Around two billon people depend on rice for the bulk of their energy, so when floods washed away 133,000 tonnes of Bangladeshi rice many went hungry. But there is hope in the form of a new genetically modified rice, Swarna Submergence 1, which can survive the floods that regularly devastate that country and help ensure it remains one of the world’s poorest.
There may, of course, be downsides to GM rice that have yet to be discovered so the world is right to be cautious. Greenpeace is heavily promoting a contamination incident it reckons cost $1.2 billion in the hope of dissuading India from trialing GM rice. That incident shouldn’t have happened, but there’s no evidence of any harm to the environment. Reading between the lines, that $1.2 billion is the price the industry pays for Greenpeace, and others, successful branding of GM as ‘Frankenstein Food’ to ensure consumers in developed nations can be expected to reject it.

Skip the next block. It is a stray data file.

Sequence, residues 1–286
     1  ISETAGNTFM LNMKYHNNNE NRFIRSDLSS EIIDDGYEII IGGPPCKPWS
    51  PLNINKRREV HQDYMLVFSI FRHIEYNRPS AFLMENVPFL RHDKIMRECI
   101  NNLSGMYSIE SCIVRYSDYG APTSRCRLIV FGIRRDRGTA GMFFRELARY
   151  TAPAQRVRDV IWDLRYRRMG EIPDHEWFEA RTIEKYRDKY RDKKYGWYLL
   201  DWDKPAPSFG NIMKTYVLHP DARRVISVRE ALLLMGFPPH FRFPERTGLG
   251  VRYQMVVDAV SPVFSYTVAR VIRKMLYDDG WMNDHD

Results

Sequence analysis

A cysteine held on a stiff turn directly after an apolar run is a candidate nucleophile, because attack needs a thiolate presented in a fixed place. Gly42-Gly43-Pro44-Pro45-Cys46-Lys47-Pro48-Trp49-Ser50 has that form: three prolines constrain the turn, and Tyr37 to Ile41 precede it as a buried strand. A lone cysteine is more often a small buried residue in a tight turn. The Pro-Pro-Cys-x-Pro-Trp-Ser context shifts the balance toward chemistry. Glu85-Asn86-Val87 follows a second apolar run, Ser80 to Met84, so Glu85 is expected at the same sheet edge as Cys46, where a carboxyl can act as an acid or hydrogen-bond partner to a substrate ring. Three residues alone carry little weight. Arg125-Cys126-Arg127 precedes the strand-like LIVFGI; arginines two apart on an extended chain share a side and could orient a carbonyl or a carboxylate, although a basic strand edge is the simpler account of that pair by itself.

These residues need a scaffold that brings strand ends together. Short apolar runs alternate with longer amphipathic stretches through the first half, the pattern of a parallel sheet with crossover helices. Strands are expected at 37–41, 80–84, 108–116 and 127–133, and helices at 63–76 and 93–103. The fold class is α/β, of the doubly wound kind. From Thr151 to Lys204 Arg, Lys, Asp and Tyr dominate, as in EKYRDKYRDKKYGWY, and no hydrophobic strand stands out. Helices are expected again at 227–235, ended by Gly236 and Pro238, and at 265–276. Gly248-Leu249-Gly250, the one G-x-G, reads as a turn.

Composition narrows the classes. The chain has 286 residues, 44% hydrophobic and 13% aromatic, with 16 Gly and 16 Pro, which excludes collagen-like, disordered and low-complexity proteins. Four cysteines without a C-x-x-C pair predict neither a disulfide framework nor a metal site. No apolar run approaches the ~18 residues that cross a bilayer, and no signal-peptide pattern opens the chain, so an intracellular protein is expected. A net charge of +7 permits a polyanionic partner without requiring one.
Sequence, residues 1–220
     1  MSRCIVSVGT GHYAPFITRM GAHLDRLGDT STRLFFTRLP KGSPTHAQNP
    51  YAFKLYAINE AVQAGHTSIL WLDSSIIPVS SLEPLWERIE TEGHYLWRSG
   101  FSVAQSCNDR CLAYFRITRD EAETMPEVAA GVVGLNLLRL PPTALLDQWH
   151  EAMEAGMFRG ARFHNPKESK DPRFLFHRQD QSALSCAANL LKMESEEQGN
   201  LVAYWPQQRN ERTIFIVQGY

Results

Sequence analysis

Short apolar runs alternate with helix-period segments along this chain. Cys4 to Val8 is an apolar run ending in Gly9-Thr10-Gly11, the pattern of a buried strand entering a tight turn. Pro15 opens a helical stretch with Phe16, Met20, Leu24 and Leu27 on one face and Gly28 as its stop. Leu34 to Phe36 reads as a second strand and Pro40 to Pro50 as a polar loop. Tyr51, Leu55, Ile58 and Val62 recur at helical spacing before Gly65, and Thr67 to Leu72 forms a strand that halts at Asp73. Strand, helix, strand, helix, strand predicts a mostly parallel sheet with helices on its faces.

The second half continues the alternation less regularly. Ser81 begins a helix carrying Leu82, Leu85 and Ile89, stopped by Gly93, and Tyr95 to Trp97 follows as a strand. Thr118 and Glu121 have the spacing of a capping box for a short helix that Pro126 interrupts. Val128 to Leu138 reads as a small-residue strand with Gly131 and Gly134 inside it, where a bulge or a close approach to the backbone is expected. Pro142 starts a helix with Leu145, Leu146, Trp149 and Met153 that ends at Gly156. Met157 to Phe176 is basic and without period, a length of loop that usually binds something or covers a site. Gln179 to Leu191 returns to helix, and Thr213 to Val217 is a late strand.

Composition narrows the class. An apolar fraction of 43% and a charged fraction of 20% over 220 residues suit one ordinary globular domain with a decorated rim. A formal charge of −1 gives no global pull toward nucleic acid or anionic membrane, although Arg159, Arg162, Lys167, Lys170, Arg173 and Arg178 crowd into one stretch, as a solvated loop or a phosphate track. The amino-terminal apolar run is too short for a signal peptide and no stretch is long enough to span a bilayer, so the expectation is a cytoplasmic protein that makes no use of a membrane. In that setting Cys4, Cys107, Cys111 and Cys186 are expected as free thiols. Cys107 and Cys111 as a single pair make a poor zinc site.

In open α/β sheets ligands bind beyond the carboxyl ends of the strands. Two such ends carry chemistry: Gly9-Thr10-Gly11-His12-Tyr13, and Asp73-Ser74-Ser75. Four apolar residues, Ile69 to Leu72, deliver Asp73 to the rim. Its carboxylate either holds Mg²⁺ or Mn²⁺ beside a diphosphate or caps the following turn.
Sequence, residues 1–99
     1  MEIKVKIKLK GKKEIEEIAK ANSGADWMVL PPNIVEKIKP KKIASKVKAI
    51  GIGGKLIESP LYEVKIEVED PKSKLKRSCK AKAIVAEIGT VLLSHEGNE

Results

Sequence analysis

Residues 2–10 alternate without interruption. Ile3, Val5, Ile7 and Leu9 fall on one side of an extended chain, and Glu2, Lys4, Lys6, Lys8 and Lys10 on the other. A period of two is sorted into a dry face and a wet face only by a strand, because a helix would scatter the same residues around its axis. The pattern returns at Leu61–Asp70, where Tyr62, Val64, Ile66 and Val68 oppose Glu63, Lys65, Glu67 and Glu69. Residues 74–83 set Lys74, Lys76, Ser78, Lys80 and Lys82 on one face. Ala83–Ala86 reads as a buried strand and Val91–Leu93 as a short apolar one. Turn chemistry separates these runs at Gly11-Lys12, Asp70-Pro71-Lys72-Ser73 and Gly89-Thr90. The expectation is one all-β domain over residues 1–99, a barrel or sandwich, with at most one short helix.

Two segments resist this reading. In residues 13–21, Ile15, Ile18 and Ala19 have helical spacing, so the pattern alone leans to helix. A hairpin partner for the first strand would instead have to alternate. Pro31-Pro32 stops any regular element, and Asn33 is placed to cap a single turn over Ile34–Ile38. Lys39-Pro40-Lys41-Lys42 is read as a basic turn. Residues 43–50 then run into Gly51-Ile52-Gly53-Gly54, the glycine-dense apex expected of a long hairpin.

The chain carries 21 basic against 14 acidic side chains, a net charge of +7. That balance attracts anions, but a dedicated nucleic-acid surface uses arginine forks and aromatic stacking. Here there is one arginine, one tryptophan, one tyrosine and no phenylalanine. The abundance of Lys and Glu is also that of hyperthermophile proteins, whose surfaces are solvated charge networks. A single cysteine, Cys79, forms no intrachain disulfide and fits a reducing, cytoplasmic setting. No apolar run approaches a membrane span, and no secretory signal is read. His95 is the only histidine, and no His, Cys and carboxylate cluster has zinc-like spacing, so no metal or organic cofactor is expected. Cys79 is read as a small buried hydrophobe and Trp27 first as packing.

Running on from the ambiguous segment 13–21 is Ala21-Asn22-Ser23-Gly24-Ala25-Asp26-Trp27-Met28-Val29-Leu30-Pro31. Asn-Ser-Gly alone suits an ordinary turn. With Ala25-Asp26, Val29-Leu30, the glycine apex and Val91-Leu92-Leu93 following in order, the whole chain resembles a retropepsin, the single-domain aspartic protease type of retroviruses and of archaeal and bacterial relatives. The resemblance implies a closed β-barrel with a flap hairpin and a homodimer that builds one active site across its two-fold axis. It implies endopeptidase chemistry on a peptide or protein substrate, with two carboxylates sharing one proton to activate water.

If nobody trials the rice, we’ll never know if it’s safe. But protestors won’t let trials go ahead in developed countries where nobody goes hungry and almost everyone has access to a 24 hour supermarket selling rice for a tiny proportion of their income.
A GM food tested in the UK would need to satisfy seven scientific committees and four government departments before it could into production. If I were a Bangladeshi rice farmer (and two third of that country’s population are in that line of work) I’d be looking to my government to cut through some of that red tape without a thought for Dr Frankenstein… let’s hope the Indians do things properly and develop foods that can safely feed the world.